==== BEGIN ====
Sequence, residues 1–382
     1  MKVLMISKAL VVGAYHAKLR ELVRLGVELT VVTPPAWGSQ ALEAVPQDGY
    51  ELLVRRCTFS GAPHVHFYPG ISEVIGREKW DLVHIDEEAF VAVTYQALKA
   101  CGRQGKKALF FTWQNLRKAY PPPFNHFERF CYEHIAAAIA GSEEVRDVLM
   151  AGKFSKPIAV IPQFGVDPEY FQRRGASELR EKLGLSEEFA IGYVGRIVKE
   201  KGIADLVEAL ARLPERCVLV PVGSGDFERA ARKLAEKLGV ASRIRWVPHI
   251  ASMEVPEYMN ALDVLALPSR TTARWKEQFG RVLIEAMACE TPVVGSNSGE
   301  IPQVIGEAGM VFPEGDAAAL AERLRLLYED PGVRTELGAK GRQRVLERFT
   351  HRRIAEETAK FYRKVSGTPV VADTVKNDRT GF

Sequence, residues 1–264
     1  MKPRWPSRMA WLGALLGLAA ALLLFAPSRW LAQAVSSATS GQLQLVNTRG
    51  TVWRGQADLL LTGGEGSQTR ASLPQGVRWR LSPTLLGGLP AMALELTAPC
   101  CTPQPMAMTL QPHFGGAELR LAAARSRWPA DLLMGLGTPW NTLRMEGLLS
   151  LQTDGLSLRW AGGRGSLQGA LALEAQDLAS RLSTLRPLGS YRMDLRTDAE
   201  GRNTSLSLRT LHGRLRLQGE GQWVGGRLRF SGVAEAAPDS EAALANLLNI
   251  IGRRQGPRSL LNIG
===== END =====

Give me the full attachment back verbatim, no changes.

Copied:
Sequence, residues 1–382
     1  MKVLMISKAL VVGAYHAKLR ELVRLGVELT VVTPPAWGSQ ALEAVPQDGY
    51  ELLVRRCTFS GAPHVHFYPG ISEVIGREKW DLVHIDEEAF VAVTYQALKA
   101  CGRQGKKALF FTWQNLRKAY PPPFNHFERF CYEHIAAAIA GSEEVRDVLM
   151  AGKFSKPIAV IPQFGVDPEY FQRRGASELR EKLGLSEEFA IGYVGRIVKE
   201  KGIADLVEAL ARLPERCVLV PVGSGDFERA ARKLAEKLGV ASRIRWVPHI
   251  ASMEVPEYMN ALDVLALPSR TTARWKEQFG RVLIEAMACE TPVVGSNSGE
   301  IPQVIGEAGM VFPEGDAAAL AERLRLLYED PGVRTELGAK GRQRVLERFT
   351  HRRIAEETAK FYRKVSGTPV VADTVKNDRT GF

Sequence, residues 1–264
     1  MKPRWPSRMA WLGALLGLAA ALLLFAPSRW LAQAVSSATS GQLQLVNTRG
    51  TVWRGQADLL LTGGEGSQTR ASLPQGVRWR LSPTLLGGLP AMALELTAPC
   101  CTPQPMAMTL QPHFGGAELR LAAARSRWPA DLLMGLGTPW NTLRMEGLLS
   151  LQTDGLSLRW AGGRGSLQGA LALEAQDLAS RLSTLRPLGS YRMDLRTDAE
   201  GRNTSLSLRT LHGRLRLQGE GQWVGGRLRF SGVAEAAPDS EAALANLLNI
   251  IGRRQGPRSL LNIG